40­

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2» 4* 6° 8" lO° 12°
r- ""-S S IT*

HEADQUARTERS EIGHTH AIR FORCE


APO 634

TARGET: RAHMEL AIRCRAFT FACTORY AND AIRFIEID.


DATE; 6 AUGUST, 1944*

» NUMBER OF AIRCRAFT ATTACKING:

NUMBER OF BOMB{3 DROPPED:


75*
437x500 H.E.

1. Strike photograph showing smoke rising from bursts


which heavily blanketed the hangar and workshop area
early in the attack and also new bursts at the west
edge of this ares ,

2. Reconnaissance photograph obtained at 1320 hours

* on 7 August, 1944 c

*
<* i i* fc**\

lILib&*v *~^ ' * y4y 4 ~*


HEADQUARTERS EIGHTH AIR FORCE
APO 634

TARGET; BUZAU AIRFIELD, RUMANIA.


DATE: 8 AUGUST, 1944.

• NUMBER OF AIRCRAFT ATTACKING: 37.

NUMBER OF BOMBS DROPPED: 14-0x250 K.B. Russian F,A,B*

280x250 H.E.
5x500 H.E#

1, Strike photograph showing smoke from the areas of


previous bursts, also new bursts in the vicinity of
two hangars and numerous other buildings at the north
Fide of the airfield as well as scattered bursts in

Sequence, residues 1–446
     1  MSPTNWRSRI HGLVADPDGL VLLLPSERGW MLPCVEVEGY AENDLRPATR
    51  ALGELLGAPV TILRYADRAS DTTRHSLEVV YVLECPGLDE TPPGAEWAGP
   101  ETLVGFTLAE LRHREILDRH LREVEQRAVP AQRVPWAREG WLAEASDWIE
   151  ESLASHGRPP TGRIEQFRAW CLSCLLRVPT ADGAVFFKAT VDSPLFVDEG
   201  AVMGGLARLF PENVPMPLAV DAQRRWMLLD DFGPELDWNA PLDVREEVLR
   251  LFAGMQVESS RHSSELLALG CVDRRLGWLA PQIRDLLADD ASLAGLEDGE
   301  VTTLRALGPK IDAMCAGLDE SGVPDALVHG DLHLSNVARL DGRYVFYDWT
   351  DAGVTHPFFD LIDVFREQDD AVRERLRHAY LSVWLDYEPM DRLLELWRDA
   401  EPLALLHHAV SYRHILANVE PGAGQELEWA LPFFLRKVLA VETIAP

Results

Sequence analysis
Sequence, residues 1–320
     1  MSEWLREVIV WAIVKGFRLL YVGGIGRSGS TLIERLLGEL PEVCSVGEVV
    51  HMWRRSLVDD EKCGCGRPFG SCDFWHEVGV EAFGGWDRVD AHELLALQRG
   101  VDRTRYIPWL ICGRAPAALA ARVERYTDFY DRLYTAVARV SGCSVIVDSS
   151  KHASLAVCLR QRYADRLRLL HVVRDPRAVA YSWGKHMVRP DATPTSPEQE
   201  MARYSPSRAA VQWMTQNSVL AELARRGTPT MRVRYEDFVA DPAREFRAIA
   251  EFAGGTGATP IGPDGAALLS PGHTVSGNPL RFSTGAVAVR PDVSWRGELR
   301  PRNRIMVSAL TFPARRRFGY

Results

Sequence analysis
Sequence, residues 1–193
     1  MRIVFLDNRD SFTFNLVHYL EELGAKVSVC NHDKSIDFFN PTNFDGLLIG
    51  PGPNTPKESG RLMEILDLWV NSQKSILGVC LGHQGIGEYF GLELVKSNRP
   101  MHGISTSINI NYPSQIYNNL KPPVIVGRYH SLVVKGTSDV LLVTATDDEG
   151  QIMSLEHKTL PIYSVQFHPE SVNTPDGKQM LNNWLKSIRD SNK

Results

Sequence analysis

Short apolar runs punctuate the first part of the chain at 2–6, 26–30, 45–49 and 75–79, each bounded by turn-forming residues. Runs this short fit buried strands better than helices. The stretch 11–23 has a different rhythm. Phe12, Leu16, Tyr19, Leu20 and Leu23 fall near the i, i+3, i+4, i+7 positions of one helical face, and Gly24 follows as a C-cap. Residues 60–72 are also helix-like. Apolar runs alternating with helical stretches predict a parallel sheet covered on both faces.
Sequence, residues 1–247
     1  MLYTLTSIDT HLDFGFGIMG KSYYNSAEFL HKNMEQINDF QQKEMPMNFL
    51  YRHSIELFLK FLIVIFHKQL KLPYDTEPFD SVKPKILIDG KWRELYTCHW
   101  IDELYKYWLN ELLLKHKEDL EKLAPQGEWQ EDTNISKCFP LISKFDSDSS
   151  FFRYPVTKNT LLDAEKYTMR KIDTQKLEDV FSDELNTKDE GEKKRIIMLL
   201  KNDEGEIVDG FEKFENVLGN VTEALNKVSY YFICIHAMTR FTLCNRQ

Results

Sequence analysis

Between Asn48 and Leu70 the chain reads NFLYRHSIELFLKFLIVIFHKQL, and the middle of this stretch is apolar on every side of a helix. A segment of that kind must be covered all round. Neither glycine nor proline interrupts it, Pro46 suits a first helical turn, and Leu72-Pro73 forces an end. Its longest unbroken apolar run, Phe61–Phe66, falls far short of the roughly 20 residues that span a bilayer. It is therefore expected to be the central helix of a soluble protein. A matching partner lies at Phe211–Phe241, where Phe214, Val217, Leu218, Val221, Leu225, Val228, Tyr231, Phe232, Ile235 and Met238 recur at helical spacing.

the wooded area and fields northwest of the airfield.

lji
n^ j \u25a0*\u25a0
tf* T3^ fr *f T*t *^k /'"N *# ?J ?"<iii »*V*

HEIi^QUARTEES EIGHTH AIR FOPCE


APO 634.

TARGET; ZILISTEA AIRFIELD, RUMANIA.

DATE; 8 AUGUST, 19U*

NUMBER OF AIRCR^,FT ATTACKING; 36 •

NUMBER OF BOMBS DROPPED; 536x250 H.E.

#
1. Strike photograph showing all bursts on airfield and
its facilities.

>>
rat! Sn k>^ Cj tJ L\i \
J
tf^ \% s^ L-^ i^S £iij
3 AUG 44 ZILISTEA A/F
SAY 390/842-7 (ROUMANIA)
aojs.20. ptSoii^-o annotated print
HEADQUARTERS EIGHTH AIR FORCE
APO 634

TARGET} TOULOUSE/JBANCAZAL AIRFIEID, FRANCE.

DATE: 12 AUGUST, 1944.

NUMBER OF AIRCRAFT ATTACKING: 69

NUMBER OF BOMBS DROPPED: 684*500 H.E,

»
1. Strike photograph showing bursts on the north and north
west hangars late in the attack.

2. Approximate Bomb Plot,

3» Reconnaissance photograph obtained ft 1300 hours on


14 August, 1944 \u26 6

Hr% WW'*
u "'• r